-- Kahil Gibran was a poet, philosopher, and artist. He was born in Lebanon, a land that has produced many prophets and is widely considered to be on the greatest Arabic prophets of our age. His writings have been translated into many languages and his fame and influence have spread far beyond the middle East. Kahlil's most famous work is his short book "The Prophet" (1923). The prophet is a book of 26 poetic essays which deal with issues such as birth and death.
In 1895 Gibran and his family moved to the US where Kahlil lived until his death in 1931.


"We make a living by what we get, we make a life by what we give." -- Winston Churchill was British statesman and leader during World War II; received Nobel prize for literature in 1953 (1874-1965)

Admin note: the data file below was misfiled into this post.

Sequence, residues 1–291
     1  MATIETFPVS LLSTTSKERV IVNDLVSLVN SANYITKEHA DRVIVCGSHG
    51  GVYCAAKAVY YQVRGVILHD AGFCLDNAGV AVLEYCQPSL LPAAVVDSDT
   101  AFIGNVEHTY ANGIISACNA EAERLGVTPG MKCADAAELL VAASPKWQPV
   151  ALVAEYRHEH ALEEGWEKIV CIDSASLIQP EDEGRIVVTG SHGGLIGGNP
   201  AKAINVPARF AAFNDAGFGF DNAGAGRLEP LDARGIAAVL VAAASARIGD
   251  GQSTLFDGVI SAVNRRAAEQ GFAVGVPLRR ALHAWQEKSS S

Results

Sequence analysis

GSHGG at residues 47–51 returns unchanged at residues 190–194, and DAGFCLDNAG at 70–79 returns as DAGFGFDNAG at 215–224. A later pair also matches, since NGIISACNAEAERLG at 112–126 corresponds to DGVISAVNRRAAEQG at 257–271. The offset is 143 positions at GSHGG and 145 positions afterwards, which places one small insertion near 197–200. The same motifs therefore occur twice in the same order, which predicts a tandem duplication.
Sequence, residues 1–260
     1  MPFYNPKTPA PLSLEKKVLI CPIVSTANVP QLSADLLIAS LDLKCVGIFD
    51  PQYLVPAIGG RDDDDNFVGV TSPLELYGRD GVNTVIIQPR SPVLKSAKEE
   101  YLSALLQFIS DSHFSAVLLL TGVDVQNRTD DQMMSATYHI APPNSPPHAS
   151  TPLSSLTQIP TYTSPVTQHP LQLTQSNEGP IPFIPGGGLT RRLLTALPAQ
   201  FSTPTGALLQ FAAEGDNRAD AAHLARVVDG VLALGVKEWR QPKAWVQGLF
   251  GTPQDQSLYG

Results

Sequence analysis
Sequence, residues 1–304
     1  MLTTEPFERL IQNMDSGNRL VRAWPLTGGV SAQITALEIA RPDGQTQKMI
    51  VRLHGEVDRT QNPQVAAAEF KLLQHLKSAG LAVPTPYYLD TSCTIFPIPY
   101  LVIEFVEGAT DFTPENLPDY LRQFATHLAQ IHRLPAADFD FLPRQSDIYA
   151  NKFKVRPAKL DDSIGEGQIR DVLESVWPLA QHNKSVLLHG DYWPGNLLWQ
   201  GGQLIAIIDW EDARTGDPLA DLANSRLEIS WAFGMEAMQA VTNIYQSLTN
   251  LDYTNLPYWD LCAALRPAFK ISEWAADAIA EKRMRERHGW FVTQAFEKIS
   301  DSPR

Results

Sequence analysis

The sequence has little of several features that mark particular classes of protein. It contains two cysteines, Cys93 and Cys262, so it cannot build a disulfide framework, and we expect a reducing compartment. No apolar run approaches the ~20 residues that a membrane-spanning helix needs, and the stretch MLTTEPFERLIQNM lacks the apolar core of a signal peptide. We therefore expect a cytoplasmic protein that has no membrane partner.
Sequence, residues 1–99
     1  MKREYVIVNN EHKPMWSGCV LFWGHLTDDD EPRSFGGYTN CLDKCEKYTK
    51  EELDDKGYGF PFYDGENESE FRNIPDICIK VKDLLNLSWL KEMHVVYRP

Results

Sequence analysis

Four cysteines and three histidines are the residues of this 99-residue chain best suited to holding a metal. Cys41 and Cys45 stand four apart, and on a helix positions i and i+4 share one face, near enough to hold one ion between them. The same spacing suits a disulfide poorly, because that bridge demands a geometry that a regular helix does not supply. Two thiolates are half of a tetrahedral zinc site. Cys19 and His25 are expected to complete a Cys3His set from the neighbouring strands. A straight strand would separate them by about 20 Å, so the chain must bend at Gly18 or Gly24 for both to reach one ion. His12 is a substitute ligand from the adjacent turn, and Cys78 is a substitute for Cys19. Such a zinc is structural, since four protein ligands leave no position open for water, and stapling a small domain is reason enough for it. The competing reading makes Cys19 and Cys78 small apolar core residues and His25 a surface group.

"The better part of one's life consists of his friendships". --Abraham Lincoln was the 16th President of the United States; saved the Union during the American Civil War and emancipated the slaves; was assassinated by Booth (1809-1865)

"No one is useless in this world who lightens the burdens of another." -- Charles Dickens was an English writer whose novels depicted and criticized social injustice (1812-1870)

"Wisdom begins in wonder." Socrates was a ancient Athenian philosopher; teacher of Plato and Xenophon (470-399 BC)